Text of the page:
It was a quick trip down and back. We left at 4 a.m. on Sunday, August 16, with Seth driving my mom’s Yukon (I tend to fall asleep behind the wheel). We met Alan the next morning at the storage unit in Orlando, hugged and got right to work. We filled every crack to the ceiling in the vehicle, leaving just enough space for our two small suitcases among dozens of boxes. The Yukon was loaded down to the point that the suspension had to significantly adjust. You could definitely feel the weight of history while driving.

After two (plus) hours of packing, Seth and I had a nice lunch with Lynda Stein (former Exodus Conference Production Manager). We caught up on what we’ve been doing since Exodus closed in June 2013. From there, I spent three hours at urgent care (I was terribly sick and needed an antibiotic), while Seth drove around sightseeing. Afterwards, Seth picked me up, and we joined four friends who treated us as their guests to Disney. Although I needed to rest, I decided to press through and have fun with my boy and friends. And we did! We stayed out late and had a lot of fun riding Space Mountain and several other rides. My family had never been to Disney, and I hadn’t seen the Magic Kingdom since I was ten. This was a real treat!

On Tuesday morning, we headed home with our precious cargo—Seth driving and me resting. The next day, Nylene, Jacob, and I unloaded the Archives to our second floor office. Did I mention it was summer and HOT? Later that day, Seth and I went to Costco and bought shelving for the Archives now entrusted to us.

Some may not understand this venture. It was, and will be, a costly project in time, energy, and resources. Those who were involved with Exodus will understand its value. Those who participated in Exodus will understand the treasure we shared in fellowship, and now have received its recorded inheritance. The Archives demonstrate God’s Divine Hand in thousands of people’s lives, including mine, and so many across the world.

The next step in this journey is to create a special membership website for accessing recordings. Hope for Wholeness already has a large inventory of resources, and in the future, we will gladly offer all of Exodus’ audio and video conference teachings, as well. ALL THIRTY-EIGHT YEARS.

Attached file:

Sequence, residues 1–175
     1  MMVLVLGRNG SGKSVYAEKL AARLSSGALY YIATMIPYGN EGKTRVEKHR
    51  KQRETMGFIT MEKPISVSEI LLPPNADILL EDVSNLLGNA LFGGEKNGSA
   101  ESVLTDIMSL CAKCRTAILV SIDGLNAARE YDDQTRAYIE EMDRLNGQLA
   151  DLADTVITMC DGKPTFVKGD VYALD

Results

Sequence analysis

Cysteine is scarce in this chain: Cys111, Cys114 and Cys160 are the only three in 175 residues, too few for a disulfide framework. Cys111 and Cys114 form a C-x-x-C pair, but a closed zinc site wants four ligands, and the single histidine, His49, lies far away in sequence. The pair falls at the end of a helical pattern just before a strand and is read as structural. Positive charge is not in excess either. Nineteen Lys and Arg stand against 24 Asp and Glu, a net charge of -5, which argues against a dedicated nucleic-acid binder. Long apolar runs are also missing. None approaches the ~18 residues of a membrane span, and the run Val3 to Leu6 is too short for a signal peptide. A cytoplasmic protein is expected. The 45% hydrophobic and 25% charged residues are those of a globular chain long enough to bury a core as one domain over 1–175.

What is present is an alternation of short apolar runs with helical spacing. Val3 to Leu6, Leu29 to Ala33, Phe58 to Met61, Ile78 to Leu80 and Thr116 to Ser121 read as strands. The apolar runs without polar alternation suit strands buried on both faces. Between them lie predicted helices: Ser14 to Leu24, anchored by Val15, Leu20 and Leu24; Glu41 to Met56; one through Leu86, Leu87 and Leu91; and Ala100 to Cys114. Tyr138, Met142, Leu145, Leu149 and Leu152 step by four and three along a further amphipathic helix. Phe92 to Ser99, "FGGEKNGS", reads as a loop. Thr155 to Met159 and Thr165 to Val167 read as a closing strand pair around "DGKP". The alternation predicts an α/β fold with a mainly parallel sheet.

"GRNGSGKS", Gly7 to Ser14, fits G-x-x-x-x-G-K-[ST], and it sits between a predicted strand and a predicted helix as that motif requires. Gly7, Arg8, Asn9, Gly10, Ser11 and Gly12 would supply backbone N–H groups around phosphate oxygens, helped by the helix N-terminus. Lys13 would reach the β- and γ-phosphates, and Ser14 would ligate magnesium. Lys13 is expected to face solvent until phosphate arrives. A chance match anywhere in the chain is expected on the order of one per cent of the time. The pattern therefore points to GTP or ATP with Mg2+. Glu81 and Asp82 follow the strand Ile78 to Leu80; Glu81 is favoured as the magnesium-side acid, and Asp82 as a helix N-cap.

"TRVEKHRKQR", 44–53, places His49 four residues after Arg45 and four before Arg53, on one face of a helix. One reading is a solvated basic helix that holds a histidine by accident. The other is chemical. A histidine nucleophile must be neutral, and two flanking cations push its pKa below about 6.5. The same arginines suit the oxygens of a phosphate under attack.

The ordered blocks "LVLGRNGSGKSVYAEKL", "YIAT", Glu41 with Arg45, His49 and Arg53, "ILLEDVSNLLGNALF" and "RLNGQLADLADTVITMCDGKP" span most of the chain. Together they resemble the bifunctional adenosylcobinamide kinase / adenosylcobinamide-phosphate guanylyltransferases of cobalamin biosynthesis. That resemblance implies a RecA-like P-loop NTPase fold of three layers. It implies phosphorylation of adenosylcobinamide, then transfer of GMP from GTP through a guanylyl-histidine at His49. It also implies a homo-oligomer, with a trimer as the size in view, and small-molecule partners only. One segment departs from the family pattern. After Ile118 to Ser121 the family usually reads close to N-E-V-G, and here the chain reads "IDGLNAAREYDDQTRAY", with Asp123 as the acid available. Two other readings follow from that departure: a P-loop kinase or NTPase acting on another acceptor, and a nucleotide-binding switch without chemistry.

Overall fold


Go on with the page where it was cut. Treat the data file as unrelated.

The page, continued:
There are tons of resources to be inventoried, catalogued, scanned, converted, and uploaded so others can benefit from the 38-years of transformational history. It’s going to cost a whole lot more than the gas to go down and get it—a whole lot more in time, energy, and finances.

Though a dauntingly large task, it’s an even larger honor to glorify God as we continue this adventure.

Will you join us?

Click here to see images of the journey to and from Orlando

If you’re ready and willing to help others benefit from the history and heritage of Exodus, please PRAY for all involved. We definitely need the Lord’s Guidance on a daily basis, and especially as we embark on this new adventure! To donate financially, designate your contribution under our new option titled Preserving Exodus History.

  • CHANGE: What Is It And Who Gets To Decide?

CHANGE: What Is It And Who Gets To Decide?

Change is a HUGE word—and that’s an understatement! I could literally write an article about change every month for a year and yet, after 12 months and 24,000 words, I still wouldn’t cover it all. With that caveat stated, please know that this article will only be a drop-in-the-bucket regarding change, but it’s an important drop, because it’s about Jesus’ life-giving water of hope.

In 1991, I became a Christian and left homosexuality—homosexuality, though, did not leave me. In other words, I still struggle with envying a handsome, muscular man, which can progress to coveting, and then I’m tempted to sexualize him. Yet, even in the midst of these feelings, I have changed, or more accurately, God has changed me. You might disagree with me that I’ve changed, but I know I’m not the same man I was when I first surrendered my life to Christ almost 25 years ago. Before God, I believed that homosexual behavior and lying were wrong, but they didn’t haunt me. After encountering Jesus, though, my entire life changed and He has faithfully transformed me every day since.